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Grand Canyon National Park: Dive into the Ditch
The insider's guide to the great parks of North America.
Text by Robert Earle Howells   Photograph by Miguel Nogueira  
Photo: Grand Canyon National Park
RIMSIDE SEATS: Prepping for an evening on the North Rim

Perhaps the most iconic of all natural wonders in North America, the Grand Canyon is pretty much obligatory fare for this lifetime. That said, it's only right to pay the ditch a little more homage than a tailgate picnic. Instead, venture away from the crowds and into the depths to absorb nature's greatest work the same way it was made—slowly and in peace.

One-Night Stand: On a quick stop, there's no time for a knee-pounding plummet, so tone down the ambition and focus on one thing: unmitigated splendor. From a base camp at North Rim Campground or the Grand Canyon Lodge, head for the Widforss Point Trail for a ten-mile (16-kilometer) out-and-back hike. The gradual path ducks in and out of a fragrant evergreen forest only to emerge for a stunning view at Widforss Point. From there you'll look south toward such landmark formations as the Brahma, Deva, and Zoroaster Temples and across to the South Rim.

Three Days or More: With all due respect for a rim-to-rim hike, the Hermit Trail, a 15.4-mile (25-kilometer) round-trip below the South Rim, delivers much of the same impact and none of the mule trains. Start at Hermits Rest off Hermit Road and descend into the red-rock abyss—a 3,800-foot (1,158-meter) plunge that was carved out for hikers by Santa Fe Railroad workers. Camp at Hermit Creek and take day hikes on nearby portions of the scenic Tonto Trail and down to the Colorado River. Note: There's untreated water at Hermit Creek, but none along the way; carry plenty for the commutes.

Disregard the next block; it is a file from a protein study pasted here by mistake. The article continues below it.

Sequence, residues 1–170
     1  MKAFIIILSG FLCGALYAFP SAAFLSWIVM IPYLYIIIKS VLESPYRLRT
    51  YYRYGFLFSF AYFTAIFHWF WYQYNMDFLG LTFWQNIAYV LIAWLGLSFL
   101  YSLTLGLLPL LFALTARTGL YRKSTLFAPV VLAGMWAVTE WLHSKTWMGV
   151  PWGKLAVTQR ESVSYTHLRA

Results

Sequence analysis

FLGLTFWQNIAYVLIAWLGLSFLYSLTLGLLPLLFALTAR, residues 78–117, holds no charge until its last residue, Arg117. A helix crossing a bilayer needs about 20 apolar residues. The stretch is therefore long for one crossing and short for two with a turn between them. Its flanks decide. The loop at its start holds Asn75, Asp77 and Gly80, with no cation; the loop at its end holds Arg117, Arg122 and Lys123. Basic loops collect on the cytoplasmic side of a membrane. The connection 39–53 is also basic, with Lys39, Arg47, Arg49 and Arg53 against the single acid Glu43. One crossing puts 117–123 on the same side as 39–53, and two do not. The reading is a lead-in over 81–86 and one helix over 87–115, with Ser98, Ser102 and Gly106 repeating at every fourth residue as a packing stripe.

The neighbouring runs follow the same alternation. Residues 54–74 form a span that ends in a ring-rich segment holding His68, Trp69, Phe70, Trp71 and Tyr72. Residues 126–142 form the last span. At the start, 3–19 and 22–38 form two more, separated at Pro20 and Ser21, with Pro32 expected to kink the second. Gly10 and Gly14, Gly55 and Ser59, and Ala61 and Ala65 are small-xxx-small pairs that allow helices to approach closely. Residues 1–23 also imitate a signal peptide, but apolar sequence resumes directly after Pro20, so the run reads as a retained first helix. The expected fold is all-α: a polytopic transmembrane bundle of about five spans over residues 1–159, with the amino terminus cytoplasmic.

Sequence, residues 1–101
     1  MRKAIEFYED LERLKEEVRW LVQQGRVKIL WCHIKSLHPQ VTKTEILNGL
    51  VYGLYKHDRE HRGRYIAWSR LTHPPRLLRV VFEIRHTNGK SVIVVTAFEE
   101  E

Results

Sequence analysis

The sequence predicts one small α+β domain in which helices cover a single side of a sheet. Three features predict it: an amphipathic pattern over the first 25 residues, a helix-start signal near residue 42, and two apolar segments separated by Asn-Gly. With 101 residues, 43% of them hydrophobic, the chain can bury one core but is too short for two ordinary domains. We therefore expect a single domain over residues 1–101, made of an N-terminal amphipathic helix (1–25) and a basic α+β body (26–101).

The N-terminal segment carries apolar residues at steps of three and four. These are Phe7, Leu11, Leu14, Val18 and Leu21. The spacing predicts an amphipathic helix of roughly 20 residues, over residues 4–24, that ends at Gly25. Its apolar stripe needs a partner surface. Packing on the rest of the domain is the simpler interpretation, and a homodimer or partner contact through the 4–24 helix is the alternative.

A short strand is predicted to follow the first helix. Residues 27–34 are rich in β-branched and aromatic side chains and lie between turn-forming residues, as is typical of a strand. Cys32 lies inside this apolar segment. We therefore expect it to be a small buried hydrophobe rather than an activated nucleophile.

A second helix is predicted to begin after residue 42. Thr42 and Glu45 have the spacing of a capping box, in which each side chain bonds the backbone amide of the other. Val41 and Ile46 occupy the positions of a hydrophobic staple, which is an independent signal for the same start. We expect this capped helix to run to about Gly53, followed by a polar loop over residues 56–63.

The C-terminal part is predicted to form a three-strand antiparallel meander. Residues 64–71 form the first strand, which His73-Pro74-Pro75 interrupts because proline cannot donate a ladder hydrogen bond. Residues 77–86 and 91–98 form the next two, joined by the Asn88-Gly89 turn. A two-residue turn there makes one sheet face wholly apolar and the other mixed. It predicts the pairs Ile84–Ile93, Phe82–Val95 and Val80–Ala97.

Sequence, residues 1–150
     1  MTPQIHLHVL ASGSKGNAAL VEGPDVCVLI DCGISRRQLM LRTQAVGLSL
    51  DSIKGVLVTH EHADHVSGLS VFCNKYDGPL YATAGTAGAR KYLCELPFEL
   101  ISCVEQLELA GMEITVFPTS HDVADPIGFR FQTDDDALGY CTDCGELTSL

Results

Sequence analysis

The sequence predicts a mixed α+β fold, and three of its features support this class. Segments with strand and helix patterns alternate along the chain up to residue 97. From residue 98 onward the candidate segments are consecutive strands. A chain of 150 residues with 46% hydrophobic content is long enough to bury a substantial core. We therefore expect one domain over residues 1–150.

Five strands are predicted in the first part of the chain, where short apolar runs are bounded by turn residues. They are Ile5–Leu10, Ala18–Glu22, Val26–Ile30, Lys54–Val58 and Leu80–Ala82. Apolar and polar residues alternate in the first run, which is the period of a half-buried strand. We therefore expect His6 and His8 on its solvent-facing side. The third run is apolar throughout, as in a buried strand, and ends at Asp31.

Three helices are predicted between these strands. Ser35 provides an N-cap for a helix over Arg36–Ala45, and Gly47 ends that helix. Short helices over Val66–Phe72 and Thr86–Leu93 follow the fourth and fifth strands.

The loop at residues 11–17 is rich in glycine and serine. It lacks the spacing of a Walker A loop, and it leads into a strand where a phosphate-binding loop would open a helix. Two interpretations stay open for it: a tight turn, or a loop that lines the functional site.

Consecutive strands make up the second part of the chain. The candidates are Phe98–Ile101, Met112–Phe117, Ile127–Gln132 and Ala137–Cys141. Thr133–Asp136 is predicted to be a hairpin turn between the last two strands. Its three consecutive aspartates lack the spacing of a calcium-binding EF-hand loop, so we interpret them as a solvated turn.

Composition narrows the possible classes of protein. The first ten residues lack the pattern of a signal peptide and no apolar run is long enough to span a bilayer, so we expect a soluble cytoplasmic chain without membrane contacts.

Must-Do Secret: As far as desert road trips go, the 61-mile (98-kilometer) Sunshine Route, south from State Route 389, must be in the top ten. The rough but generally 2WD-able route delves into a remote western section of the park known as the Arizona Strip and ends at Toroweap Overlook, a 3,000-foot (914-meter) bright ocher free fall straight down to the Colorado. When you arrive, you just may have the view, and one of 11 nearby primitive (no water) campsites, to yourself.

Vitals: On the South Rim, Bright Angel Lodge has rooms ($50; and detached cabins ($109). On the North Rim, Grand Canyon Lodge has upscale rooms ($96; and good food. For park info, camp reservations, and backcountry permits ($10, plus $5 a night per person), visit

PLUS: The Top Five

The Thrill Factor
Five unexpected itineraries that scream action

Trips Through the Ages
Five classic adventures that will never go out of style

Epic Journeys
Five off-the-charts escapes that reach deep into the wild

Moments to Live For
Five of life's most essential experiences, done perfectly in the parks

Cover: Adventure magazine

Pick up the June/July 2006 issue for 50 top adventures in the national parks; how to move to Montana; the best ten-day Brazil vacation; 11 instant weekend escapes; and new watches, cameras, and sunglasses for summer.

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